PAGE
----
Except Monday night. With a national television audience peering in on a sold out and rocking Byrd Stadium, the Maryland Terrapins managed to create a visual and sensory experience so overwhelming, so irresistible that it managed to penetrate even today’s schizophrenic media climate. Maryland’s 2011 debut had the entire sports world talking, often not in the positive, but since when has that mattered? The evening served as the climax of a complete and total rebranding of the sports program, one intended to make the Terps into a cultural and on-field powerhouse with national recognition. But along the way, could that force fans to come to terms with the very ethos that defines their institution? Read the rest of this entry »


In Football, William & Mary on September 4, 2011 at 1:45 pm

It was just over five minutes into the third quarter when sheer and utter panic began to set in for the Tribe faithful. Or, rather, it would have if the Tribe faithful were of the type prone to hysteriatrics. William and Mary fans happen to be a more stoic bunch, a trait that will be sorely needed in the aftermath of Saturday’s 40-3 loss in Charlottesville.

It’s been three years since the Tribe received a shellacking comparative to that laid by the Virginia Cavaliers. That previous iteration saw the squad go into James Madison’s Bridgeforth Stadium and get bushwhacked 48-24. That game took place before back to back playoff appearances and numerous high profile wins raised the stature of the College’s football program, but all those honors mattered little at Scott Stadium. Bushwhacked still summed up the result.

So with that in mind, the matter at hand now turns to what to make of the Tribe’s demoralizing start to the season. The proper attitude was best described by linebacker Dante Cook after the game, “They always say it’s not as good as you think, but it’s never as bad as you think.”

Mike London trotted out a team that was far improved from the squad the Tribe easily handled in 2009. More importantly, the Cavaliers played with a chip on their shoulder, coming out and hitting the College with an early intensity that never faded. Virginia was a step faster, a tad bigger, and seemingly drastically more motivated in this version of the interstate rivalry. Read the rest of this entry »

Missing pieces

In Baseball on September 2, 2011 at 11:59 pm

Colby Rasmus visited Busch Stadium twice on July 27 — once to clear out his locker and once to say goodbye to his teammates. The telephone call had come earlier in the day: The 24-year-old center fielder had been traded.

John Mozeliak had been diplomatic during their brief exchange, listing the organization’s reasons for trading away one of its star players: “We had to shore up the bullpen,” “The starting rotation was thin,” “You’ll have a fresh start in Toronto.” But those weren’t the words of a Major League Baseball general manager. Mozeliak’s voice more closely resembled that of a college undergraduate trying to soothe the feelings of his soon-to-be-ex-girlfriend. The implication was clear to Rasmus — “the Cardinals would like to win the World Series. Your services will no longer be required.”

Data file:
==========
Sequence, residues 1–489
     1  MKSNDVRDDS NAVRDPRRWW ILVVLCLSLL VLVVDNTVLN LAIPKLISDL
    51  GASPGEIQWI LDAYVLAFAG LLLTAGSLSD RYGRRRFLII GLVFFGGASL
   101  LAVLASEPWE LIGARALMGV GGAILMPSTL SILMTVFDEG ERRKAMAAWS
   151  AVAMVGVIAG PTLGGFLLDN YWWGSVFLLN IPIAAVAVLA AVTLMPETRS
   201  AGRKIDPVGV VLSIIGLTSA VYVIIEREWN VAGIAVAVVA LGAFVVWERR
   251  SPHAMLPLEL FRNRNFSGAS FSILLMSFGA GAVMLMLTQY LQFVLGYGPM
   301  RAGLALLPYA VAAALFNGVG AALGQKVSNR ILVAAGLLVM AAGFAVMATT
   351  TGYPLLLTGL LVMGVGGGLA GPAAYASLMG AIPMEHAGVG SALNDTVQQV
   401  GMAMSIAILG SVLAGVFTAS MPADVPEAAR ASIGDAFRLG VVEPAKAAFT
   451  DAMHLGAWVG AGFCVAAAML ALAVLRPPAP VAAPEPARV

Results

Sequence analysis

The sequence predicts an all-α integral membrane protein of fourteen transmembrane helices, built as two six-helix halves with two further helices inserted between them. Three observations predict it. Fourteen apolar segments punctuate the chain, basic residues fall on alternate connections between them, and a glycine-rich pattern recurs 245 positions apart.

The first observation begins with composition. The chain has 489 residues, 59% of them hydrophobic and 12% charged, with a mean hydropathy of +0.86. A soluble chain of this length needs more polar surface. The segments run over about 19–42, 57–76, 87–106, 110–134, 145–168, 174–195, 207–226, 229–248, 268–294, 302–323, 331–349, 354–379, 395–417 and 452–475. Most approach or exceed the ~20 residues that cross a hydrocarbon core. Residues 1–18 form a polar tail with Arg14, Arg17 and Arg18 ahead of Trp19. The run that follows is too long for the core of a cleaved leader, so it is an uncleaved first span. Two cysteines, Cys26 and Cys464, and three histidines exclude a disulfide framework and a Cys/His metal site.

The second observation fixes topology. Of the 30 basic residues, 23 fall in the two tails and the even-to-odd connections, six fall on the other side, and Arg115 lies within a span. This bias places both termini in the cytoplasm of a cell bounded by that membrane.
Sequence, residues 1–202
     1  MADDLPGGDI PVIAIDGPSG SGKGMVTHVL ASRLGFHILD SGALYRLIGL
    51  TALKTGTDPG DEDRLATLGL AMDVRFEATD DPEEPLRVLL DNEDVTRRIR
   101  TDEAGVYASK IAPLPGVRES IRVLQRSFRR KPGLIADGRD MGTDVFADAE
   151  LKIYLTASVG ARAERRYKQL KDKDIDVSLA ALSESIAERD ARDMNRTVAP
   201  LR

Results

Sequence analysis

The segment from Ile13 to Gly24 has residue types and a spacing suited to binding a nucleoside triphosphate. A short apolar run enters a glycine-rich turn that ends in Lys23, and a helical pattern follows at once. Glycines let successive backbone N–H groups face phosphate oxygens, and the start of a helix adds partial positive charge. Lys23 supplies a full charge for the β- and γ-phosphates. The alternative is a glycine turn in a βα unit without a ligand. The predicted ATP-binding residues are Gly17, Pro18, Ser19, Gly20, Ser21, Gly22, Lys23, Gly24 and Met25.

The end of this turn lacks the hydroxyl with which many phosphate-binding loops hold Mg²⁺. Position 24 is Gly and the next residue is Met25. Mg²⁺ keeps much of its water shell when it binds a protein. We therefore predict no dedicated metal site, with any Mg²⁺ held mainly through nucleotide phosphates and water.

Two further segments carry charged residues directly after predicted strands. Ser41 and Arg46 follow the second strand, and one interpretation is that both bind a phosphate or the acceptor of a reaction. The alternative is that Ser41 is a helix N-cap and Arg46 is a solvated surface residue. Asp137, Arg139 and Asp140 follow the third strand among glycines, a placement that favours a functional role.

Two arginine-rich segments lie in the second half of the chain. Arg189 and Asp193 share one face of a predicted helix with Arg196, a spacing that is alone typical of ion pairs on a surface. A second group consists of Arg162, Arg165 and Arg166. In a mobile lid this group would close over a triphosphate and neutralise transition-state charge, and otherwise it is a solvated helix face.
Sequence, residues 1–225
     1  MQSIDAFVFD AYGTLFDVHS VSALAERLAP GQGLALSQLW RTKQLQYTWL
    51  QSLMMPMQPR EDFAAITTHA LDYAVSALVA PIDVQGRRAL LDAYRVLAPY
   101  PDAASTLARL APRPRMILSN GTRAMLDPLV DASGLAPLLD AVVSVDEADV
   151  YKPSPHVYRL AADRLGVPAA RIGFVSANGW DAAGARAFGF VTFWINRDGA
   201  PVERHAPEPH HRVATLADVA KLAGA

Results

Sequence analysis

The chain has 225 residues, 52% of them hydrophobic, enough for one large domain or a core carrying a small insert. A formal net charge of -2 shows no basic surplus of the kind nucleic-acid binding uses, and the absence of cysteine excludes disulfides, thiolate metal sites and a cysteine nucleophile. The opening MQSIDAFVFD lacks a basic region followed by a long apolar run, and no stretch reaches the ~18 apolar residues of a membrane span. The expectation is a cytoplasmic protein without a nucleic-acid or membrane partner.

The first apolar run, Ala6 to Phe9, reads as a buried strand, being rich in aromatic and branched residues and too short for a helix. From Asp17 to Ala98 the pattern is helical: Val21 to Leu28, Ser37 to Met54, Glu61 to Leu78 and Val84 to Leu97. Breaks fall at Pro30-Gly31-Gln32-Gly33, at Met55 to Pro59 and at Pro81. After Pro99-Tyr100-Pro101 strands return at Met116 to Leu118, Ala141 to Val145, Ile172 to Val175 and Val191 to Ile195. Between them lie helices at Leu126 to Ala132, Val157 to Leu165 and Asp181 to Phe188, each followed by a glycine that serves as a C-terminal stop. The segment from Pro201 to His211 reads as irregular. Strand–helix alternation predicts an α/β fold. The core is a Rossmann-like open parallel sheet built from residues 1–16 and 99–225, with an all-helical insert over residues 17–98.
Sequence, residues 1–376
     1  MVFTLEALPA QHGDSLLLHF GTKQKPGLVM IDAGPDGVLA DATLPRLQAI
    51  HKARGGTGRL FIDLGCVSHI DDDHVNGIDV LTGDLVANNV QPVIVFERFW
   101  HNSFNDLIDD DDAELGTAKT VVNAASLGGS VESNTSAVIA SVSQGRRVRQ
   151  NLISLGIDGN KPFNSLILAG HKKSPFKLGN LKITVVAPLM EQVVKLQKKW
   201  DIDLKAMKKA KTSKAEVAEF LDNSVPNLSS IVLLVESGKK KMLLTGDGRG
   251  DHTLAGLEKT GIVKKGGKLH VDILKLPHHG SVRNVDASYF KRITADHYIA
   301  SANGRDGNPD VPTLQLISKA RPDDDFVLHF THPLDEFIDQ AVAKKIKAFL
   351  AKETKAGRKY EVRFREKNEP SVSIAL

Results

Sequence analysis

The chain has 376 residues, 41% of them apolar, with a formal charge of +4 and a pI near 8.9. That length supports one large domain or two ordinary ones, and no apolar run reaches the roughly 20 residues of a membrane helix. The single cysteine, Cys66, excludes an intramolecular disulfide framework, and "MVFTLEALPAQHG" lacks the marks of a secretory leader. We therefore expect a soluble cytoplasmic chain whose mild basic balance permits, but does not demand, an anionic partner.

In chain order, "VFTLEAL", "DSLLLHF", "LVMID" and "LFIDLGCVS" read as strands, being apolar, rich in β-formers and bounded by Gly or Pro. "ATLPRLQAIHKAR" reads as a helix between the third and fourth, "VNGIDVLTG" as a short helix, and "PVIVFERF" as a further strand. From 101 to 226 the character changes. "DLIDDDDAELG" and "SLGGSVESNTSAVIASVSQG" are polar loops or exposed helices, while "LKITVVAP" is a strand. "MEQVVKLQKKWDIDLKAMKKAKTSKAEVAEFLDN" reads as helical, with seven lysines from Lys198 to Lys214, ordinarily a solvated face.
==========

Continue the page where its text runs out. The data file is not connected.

For every team not named the New York Yankees, winning a World Series is a rare opportunity. It can take years for the perfect combination of youth and age, experience and hustle, talent and luck to coalesce into that singular moment on a cold night in October when baseball discovers its champion. For teams like the Pittsburgh Pirates, a playoff run can breathe new life into a moribund franchise, even if those hopes begin to fade after August 1. All that matters is the possibility — the potential — of doing something great. Read the rest of this entry »

Felix Pie

In Baseball, Long form on September 1, 2011 at 10:22 am

The Felix Pie’s of the world aren’t made for Triple-A. They are supernovas, a Dylan Thomas poem set to a disco beat. In a perfect world, Felix Pie would be diving into sections of fans named after him, “Pie’s People” or something like that. He would be the guy smashing shaving cream pie in faces during post-game interviews for a playoff contender. Or he would be searching for the lost city of Atlantis with only a half a bottle of Orange Slice and a pet rabbit named Roscoe. He’d be Manny Ramirez or Bill Lee or he would just disappear forever because the circus is never fun in dimly lit small towns smelling of stale beer and sheep.

When he first arrived in Baltimore, plucked from the dying vine of the Cubs’ minor league system in exchange for a magical starfish named Garrett Olson, he was sad Felix. His teammates hated him, his manager treated him like a petulant child; what’s worse, he was not very good. Pie played left field like a baby deer learning to walk. Every fly ball to left field should have been scored to the Pastoral Symphony; every at-bat should have come with a disclaimer.

But then an old wizard named Crow decided to work one last spell and Pie’s bat came to life. Why he had to zap the strength of Nick Markakis to do so, Oriole fans will never know. But suddenly, Pie’s bat came to life. He OPS’d 1.045 in 63 at-bats in August. He finished with a a 497 slugging percentage after the All-Star Break, and fangraphs had him with a UZR/150 of 7.7, a total zone rating of eight. Read the rest of this entry »